If +value=value

This classic code is good for checking if the value is *canonical* number, while the term *number* can be interpreted in some other ways, e.g. a number in scientific format, double precision number, etc. Caché has a set of out-of-the-box functions to perform some of these checks, e.g. $isvalidnum, $isvaliddouble, $number, $normalize.

So, the answer depends on topic starter's conditions.

E.g., if I need to check if a number is a __numlit__ (scientific numbers and numbers with starting zeroes are allowed), I'd use `$isvalidnum(x)`. Addition check on being integer (an __intlit__) can look like: `$isvalidnum(x)&&(+x\1=+x)`. Here are some testing results:

USER> w !,?6,"Is number?",?20,"Is integer?",?35,"Is canonic?"
USER> for x="001a","002",0,1,"-1.2","+1.3","1E3" w !,x,?10," ",$isvalidnum(x),?20," ",$isvalidnum(x)&&(+x\1=+x),?35,x=+x
Is number? Is integer? Is canonic?
001a 0 0 0
002 1 1 0
0 1 1 1
1 1 1 1
-1.2 1 0 1
+1.3 1 0 0
1E3 1 1 0

In other conditions I'd write another code. There is no universal answer to topic starter's question.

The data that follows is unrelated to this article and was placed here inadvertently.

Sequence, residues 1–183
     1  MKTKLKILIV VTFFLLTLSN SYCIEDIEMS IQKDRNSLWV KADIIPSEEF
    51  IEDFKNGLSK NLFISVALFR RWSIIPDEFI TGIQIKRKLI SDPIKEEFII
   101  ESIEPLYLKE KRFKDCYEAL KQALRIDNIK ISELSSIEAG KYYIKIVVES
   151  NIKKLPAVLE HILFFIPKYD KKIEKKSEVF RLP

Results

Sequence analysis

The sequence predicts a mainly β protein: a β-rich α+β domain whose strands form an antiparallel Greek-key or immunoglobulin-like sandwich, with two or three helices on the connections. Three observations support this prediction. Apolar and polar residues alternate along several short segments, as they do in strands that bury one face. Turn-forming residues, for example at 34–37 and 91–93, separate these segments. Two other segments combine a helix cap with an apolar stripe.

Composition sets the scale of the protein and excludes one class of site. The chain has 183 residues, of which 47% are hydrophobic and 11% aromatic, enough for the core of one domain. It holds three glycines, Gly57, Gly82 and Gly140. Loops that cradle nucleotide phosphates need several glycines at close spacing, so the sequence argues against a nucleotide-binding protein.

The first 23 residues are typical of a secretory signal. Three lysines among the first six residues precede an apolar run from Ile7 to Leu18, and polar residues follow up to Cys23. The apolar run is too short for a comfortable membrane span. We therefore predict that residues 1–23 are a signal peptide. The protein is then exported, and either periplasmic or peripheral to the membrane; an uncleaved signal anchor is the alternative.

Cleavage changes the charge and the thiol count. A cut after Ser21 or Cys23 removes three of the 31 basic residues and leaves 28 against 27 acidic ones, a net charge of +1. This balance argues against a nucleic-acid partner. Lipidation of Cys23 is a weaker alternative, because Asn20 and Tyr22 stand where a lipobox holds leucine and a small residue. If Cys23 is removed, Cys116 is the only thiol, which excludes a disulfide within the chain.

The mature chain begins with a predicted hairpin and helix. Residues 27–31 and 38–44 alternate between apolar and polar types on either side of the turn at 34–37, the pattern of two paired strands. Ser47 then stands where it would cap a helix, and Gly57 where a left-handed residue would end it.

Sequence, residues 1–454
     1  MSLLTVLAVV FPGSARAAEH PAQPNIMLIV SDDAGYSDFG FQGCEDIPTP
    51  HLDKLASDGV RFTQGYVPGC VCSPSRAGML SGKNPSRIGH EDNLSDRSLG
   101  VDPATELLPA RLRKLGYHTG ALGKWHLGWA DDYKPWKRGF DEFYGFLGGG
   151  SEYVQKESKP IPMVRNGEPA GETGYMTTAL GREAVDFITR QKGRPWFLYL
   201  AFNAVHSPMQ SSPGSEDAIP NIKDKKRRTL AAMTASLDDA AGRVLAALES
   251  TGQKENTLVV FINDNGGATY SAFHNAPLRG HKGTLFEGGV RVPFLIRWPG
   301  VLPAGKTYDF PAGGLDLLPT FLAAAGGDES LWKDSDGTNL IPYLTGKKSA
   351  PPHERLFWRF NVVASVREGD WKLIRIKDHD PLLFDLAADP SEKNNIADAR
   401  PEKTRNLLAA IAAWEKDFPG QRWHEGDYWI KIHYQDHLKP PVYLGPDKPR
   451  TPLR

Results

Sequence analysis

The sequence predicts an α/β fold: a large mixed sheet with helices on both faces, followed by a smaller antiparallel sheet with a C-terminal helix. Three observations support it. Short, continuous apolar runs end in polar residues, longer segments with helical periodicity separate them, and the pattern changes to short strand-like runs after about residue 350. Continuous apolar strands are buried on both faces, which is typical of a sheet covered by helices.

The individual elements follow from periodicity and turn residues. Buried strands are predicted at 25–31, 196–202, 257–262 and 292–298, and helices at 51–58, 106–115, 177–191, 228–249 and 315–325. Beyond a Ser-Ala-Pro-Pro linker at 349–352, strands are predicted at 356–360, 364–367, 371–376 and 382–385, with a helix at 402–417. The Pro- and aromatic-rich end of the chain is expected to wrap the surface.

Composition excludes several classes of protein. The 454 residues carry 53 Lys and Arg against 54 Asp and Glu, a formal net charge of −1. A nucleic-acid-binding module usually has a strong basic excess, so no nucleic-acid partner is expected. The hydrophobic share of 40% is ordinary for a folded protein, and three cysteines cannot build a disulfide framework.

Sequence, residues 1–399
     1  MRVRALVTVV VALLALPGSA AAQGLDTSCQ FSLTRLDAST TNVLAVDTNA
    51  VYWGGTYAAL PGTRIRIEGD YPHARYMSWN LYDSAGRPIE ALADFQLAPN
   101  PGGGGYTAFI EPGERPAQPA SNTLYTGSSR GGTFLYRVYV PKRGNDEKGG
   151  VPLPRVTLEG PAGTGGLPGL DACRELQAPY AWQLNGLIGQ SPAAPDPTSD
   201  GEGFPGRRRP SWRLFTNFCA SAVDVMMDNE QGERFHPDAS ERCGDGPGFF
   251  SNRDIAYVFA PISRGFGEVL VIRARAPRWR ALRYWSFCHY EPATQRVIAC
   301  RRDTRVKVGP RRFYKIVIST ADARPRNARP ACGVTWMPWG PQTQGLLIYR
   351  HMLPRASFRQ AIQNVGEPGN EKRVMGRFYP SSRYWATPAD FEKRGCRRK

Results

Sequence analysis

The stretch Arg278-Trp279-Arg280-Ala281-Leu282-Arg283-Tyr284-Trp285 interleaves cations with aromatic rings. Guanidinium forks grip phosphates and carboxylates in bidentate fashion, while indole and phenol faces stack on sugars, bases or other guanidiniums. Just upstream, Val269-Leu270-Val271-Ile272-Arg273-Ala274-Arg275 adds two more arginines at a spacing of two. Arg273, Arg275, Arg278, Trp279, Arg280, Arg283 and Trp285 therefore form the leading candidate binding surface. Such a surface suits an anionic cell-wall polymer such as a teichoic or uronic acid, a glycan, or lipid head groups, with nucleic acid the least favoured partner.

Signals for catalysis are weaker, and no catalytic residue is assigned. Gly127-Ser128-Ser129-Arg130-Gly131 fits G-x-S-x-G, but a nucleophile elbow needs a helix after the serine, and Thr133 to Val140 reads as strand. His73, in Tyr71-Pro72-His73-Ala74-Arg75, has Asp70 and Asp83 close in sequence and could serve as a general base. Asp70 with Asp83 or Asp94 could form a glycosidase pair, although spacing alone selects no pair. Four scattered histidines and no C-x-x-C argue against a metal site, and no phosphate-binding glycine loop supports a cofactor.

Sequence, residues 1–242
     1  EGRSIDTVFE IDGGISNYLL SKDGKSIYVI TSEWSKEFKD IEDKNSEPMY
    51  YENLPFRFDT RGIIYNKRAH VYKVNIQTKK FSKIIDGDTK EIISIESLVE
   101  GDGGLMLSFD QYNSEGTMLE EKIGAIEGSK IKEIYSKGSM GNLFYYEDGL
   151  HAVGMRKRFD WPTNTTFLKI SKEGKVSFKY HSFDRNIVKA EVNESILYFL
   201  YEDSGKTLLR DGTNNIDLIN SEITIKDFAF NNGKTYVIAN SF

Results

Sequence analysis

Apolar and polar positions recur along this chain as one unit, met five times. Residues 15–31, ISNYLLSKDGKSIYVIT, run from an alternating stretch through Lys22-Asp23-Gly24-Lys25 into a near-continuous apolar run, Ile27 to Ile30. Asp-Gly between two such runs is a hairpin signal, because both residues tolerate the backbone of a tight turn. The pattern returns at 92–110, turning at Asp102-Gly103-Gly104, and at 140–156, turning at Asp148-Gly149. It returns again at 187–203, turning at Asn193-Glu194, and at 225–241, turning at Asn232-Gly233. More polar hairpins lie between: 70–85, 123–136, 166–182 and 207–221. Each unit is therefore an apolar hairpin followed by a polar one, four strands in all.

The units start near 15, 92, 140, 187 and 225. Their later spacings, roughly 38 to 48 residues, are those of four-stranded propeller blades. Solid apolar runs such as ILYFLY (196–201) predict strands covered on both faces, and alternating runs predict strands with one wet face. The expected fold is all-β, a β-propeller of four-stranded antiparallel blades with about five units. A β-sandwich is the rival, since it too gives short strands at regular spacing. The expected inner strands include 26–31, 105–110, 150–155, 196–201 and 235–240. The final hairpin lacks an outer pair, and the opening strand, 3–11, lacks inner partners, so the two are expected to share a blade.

P.S. As to "Annotated MUMPS Standard" (http://71.174.62.16/Demo/AnnoStd):

An __intlit__ is not necessarily a canonic representation of a number.

A __numlit__ is not necessarily a canonic representation of a number.

The reduction to a canonical numeric representation involves (colloquially) the removal of any redundant leading and trailing zeroes, the conversion of exponentionential notation to "mantissa only" notation, and the reduction of any leading plus (`+`) and minus (`-`) signs to at most one leading minus sign (see also Numeric interpretation of data).

Are you sure that this will work?

USER > set number = "21d20"USER > if (number\1 = +number) { w "number and integer" } else { w "not number and not integer" }will output that it is "number and integer", because

number\1will turn string "21d20" to "21" as a result.Moreover

+numberwill result from "21d20" to "21" ... and will tell that really 21 equals 21 ... but "21d20" is not numberYou are right. The check for pure number got lost

if +number=numberhas to precedeso the combined is

if +number=number,number\1=+numberI believe that would be equal to just

`if number\1=number`

This is a matter of interpretation.

If you also allow leading 0 for integers (eg. 00123) then you need to normalize it.

But

if +number=number,number\1=+numberdoesn't allow leading zeroes either.

right.